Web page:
Coming back to ITW and Click Commerce: while product overlap and redundancies are no issue here, there is still the challenge of integrating the companies. At this stage, ITW maintains that its key strategy is to integrate only those elements that are absolutely necessary, and to instead try to preserve the culture and autonomy that has made Click Commerce special. Still, the two companies' differing cultures and work styles may come into play, and experience teaches us that following a seemingly promising acquisition, a major difference in philosophy often emerges between the acquired and acquiring management teams. This may have to do with questions of how to execute strategies for growing the company while "increasing operational efficiency," which inevitably results in the exodus of the acquired management team. It is important for ITW to avoid any major difficulties in assimilating Click Commerce personnel, operations, technology, and software, and to retain the key personnel.
ITW, a large and established industrial company, has never sold complex SCM software, which has particular sales cycles and product life cycles (with higher investments and risks of innovation). It might expect Click Commerce to even more quickly grow to match new (possibly too optimistic) growth and profitability targets set by ITW, which could deteriorate customer service levels if ITW pushes the vendor to expand uncontrollably. It is questionable whether ITW's well-known "80/20 rule" (meaning that 80 percent of a company's sales are generated from the most important 20 percent of its products and customers, with appropriate options to support the lower volume and lower profitability product lines and customers) can be applied to Click Commerce's industry "Who's Who" customer list.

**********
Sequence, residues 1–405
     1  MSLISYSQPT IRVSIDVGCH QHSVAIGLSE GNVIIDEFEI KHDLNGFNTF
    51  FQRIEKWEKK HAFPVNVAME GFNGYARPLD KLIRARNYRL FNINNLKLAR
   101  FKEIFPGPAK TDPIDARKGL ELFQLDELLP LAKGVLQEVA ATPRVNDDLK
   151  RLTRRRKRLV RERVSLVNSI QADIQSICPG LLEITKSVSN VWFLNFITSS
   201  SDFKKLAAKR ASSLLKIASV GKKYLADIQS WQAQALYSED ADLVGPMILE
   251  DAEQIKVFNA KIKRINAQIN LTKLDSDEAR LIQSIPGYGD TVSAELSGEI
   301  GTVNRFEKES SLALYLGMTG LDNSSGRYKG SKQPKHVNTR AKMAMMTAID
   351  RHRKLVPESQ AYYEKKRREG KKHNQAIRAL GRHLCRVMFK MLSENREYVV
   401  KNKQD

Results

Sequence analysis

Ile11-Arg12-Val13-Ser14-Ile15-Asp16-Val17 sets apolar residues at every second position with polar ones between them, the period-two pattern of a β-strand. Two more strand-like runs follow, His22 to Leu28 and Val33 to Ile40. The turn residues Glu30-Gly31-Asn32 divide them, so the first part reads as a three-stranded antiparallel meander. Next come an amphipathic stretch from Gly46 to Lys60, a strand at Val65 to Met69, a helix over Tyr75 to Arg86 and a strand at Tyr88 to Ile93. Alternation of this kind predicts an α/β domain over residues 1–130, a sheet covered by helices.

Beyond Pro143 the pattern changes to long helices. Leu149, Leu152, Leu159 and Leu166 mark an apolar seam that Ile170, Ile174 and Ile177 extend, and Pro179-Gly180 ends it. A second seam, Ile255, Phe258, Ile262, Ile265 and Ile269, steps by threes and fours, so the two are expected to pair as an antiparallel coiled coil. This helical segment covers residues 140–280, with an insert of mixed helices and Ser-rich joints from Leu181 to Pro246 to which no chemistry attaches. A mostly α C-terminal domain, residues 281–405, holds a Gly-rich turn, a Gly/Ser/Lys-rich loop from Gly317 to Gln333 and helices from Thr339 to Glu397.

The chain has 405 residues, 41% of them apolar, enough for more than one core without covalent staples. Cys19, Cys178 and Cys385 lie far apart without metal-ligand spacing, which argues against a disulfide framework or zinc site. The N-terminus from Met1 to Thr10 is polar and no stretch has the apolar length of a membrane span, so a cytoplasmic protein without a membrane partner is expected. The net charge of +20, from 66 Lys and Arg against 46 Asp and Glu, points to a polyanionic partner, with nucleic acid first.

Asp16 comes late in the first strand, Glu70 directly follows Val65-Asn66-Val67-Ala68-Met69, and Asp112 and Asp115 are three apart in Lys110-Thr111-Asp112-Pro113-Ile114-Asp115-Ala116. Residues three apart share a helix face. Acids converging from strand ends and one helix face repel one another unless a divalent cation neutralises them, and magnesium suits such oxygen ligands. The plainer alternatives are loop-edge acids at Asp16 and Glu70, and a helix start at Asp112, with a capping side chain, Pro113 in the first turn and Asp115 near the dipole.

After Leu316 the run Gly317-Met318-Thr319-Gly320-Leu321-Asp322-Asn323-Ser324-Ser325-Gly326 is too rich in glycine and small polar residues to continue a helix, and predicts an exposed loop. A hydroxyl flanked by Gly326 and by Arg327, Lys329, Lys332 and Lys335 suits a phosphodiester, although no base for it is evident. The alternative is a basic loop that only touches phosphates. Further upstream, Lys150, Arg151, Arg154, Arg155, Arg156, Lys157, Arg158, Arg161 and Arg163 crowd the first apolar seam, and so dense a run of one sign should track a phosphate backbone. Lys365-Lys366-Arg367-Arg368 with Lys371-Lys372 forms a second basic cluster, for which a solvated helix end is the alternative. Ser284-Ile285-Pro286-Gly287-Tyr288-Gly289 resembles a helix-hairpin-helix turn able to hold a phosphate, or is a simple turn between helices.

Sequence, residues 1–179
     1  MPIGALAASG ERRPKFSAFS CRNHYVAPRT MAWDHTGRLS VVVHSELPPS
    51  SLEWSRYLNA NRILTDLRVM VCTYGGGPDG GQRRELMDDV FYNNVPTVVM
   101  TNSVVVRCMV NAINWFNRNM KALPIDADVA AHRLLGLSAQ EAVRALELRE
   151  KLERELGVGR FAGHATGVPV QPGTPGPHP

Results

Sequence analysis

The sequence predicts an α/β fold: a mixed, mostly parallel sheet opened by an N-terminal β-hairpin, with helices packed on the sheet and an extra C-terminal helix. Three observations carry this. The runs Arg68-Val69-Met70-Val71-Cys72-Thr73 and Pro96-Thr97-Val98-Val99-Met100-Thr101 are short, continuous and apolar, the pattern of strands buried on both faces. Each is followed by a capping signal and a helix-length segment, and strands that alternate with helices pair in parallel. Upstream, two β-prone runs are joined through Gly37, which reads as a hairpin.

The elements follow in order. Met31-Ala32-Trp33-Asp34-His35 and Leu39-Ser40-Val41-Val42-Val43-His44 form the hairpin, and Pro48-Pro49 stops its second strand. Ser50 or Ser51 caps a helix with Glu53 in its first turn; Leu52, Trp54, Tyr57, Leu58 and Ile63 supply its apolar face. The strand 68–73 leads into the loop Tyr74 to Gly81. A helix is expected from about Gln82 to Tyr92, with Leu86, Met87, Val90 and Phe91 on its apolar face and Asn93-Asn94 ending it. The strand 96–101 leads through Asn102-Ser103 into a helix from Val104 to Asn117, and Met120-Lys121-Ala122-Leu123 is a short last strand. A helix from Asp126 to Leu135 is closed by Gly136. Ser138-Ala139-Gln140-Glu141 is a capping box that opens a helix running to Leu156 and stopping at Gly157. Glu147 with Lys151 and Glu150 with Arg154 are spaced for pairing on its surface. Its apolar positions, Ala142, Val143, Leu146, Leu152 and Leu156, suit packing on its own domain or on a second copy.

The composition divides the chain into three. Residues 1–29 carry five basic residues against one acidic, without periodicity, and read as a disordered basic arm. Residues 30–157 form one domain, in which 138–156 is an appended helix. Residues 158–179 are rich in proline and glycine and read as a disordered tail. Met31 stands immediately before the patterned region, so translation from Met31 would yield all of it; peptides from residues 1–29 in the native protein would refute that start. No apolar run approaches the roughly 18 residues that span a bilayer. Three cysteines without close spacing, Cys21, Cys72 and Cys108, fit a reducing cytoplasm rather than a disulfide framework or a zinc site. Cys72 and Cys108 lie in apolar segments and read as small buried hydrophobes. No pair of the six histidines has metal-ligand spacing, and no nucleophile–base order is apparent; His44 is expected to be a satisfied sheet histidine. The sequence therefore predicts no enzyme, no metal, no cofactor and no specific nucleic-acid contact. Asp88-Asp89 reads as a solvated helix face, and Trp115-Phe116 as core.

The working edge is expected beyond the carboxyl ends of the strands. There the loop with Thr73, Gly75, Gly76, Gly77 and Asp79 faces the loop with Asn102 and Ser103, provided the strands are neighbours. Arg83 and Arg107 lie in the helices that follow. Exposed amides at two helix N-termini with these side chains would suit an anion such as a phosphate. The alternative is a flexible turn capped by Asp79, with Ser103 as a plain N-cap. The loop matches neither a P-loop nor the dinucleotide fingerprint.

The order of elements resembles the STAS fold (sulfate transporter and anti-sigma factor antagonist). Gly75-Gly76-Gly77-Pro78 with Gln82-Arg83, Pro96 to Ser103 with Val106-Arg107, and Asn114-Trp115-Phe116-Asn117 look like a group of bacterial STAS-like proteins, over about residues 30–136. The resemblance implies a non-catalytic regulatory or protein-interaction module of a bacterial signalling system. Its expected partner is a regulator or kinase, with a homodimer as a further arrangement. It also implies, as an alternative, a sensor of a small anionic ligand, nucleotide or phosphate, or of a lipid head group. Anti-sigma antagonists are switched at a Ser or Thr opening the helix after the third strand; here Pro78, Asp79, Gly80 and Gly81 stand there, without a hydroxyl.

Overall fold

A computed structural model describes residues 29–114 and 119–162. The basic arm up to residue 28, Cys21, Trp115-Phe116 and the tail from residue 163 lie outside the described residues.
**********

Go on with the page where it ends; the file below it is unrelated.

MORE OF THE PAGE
Given the market opportunity for cross- and up-sell, and possibly differing end user markets for the two merging companies, ITW will also have to resist the temptation to expand Click's software suite to new, unsupported verticals, while possibly neglecting some existing verticals. For instance, it is not clear how many ITW businesses would care for the spare parts planning and optimization software, which might prompt the likes of Servigistics or MCA Solutions (which has lately become quite cozy with SAP) to prey on possibly disconcerted existing Click Commerce (Xelus) customers. The esoteric health care research and financial institutions areas might be even more suspect in that regard. ITW will have to be careful not to lose the deep collaborative commerce domain knowledge present in Click Commerce today. Vertical industry depth and expertise is critical to ongoing success, and should be encouraged and nurtured. However, some sectors may easily be neglected amid a slew of acquisitions of complementary but diverse technologies (and subsequent attempts to intertwining them).